and to gain efficiencies after seeking initial consultancy advice. Some
gained market share. Others reduced their product offerings to address
RoHS. Many companies in the last two years companies have started to also
leverage their "RoHS compliant" status as a core part of their
corporate social responsibility and environmental strategy.
Enforcement trends and non-compliance
So, for those companies that chose
not to ensure adherence to RoHS, what has been the consequence?
Failure to comply with RoHS comes
with direct business consequences beyond only monetary fines. While some
companies may have made a commercial decision to 'run the risk' of a fine
without the cost of compliance, this overlooks the wider business costs.
Exposure for non-compliance leads to the cost of implementing a product
recall and disposal process and write-downs of obsolete inventory. However,
more significant is the long-term opportunity costs of lost sales, damage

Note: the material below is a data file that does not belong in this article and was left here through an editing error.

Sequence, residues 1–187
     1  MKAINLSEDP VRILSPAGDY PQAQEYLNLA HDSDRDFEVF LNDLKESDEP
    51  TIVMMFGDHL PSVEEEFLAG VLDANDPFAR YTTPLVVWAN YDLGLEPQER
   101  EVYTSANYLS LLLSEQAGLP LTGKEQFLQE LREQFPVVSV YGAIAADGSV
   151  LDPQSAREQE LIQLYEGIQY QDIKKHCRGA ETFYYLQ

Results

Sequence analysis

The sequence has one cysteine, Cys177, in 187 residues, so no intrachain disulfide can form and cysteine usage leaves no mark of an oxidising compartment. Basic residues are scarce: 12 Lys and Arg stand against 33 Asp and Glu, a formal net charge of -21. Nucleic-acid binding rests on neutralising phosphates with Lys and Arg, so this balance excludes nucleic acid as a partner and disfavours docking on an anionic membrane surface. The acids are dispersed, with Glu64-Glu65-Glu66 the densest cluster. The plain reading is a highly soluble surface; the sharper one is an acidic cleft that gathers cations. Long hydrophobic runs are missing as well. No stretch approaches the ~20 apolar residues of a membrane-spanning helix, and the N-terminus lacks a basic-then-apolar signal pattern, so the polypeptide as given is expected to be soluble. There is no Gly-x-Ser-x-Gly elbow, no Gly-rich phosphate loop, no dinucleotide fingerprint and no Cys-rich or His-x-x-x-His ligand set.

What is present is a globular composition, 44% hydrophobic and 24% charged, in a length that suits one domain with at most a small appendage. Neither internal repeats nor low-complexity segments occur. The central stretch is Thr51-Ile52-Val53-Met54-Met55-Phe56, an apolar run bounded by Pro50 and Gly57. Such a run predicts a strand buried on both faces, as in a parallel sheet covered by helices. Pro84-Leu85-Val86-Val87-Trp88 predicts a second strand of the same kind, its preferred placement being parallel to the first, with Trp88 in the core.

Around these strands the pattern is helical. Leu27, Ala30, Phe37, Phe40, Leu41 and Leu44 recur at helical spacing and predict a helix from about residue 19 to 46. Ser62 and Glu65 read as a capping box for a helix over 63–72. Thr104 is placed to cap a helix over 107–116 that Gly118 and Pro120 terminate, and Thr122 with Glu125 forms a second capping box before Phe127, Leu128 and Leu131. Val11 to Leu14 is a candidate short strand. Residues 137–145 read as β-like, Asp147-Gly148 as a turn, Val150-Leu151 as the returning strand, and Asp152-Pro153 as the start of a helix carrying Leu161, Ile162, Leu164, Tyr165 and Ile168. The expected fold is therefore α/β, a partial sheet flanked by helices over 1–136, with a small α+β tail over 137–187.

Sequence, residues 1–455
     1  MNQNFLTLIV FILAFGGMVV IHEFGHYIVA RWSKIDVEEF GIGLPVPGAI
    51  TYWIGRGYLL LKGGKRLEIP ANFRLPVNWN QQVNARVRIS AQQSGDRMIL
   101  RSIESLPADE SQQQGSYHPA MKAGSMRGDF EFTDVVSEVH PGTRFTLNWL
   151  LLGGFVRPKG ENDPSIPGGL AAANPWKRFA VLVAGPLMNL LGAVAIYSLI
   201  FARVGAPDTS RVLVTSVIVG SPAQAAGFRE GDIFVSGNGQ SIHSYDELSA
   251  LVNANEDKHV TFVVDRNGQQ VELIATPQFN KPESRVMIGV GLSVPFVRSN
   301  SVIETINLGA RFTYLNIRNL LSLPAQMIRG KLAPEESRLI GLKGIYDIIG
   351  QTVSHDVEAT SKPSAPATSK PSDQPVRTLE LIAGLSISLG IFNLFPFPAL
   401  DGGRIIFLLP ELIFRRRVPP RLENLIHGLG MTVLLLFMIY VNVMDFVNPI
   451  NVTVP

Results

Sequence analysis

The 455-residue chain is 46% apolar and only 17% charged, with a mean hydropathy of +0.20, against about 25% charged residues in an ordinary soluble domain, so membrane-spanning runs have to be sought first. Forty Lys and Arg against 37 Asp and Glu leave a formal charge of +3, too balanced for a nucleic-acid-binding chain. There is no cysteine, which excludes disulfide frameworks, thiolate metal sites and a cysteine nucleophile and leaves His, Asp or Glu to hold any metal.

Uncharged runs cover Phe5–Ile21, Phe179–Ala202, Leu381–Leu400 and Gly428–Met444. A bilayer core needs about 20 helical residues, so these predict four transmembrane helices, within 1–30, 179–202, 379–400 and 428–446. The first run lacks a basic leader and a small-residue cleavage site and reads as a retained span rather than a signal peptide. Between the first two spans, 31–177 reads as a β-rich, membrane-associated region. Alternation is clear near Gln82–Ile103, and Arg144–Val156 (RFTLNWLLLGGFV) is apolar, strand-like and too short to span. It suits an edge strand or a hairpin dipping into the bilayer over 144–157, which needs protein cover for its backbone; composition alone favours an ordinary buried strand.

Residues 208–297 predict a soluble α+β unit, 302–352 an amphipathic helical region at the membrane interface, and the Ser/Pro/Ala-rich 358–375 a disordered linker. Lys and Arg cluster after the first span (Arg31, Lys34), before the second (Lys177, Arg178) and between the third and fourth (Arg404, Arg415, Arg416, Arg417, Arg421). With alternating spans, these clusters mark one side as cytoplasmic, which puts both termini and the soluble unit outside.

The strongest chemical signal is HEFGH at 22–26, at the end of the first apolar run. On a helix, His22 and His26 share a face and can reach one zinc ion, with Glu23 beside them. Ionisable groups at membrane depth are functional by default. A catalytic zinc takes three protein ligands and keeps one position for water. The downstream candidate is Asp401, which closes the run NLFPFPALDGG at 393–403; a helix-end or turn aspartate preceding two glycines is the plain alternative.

to the company's brand from negative publicity and loss of market share
that may never be regained.
What have the governments of the European
Union done to enforce the RoHS directive? The regime allows authorities
to impose fines and ban products from sale where they are in breach. Rumors
of companies being asked to provide proof of their due diligence have
prevailed over the past two years. To date, the industry has not seen
the publication a lot of high-profile RoHS prosecution cases, although
authorities clearly publicise that (legal) actions have been taken. In
addition, recent collaboration between EU governmental authorities suggests
that better monitoring, information sharing and publication of failed
products is afoot.
In 2007, the Safety Technology Authority
of Finland moved to improve RoHS monitoring by identifying qualified third
parties to perform the testing for surveillance. Next, the Nordic European
Countries of Denmark, Sweden and Norway implemented a more coordinated
RoHS monitoring and enforcement programme. This saw authorities 'split
the load' of monitoring across the different product types and industry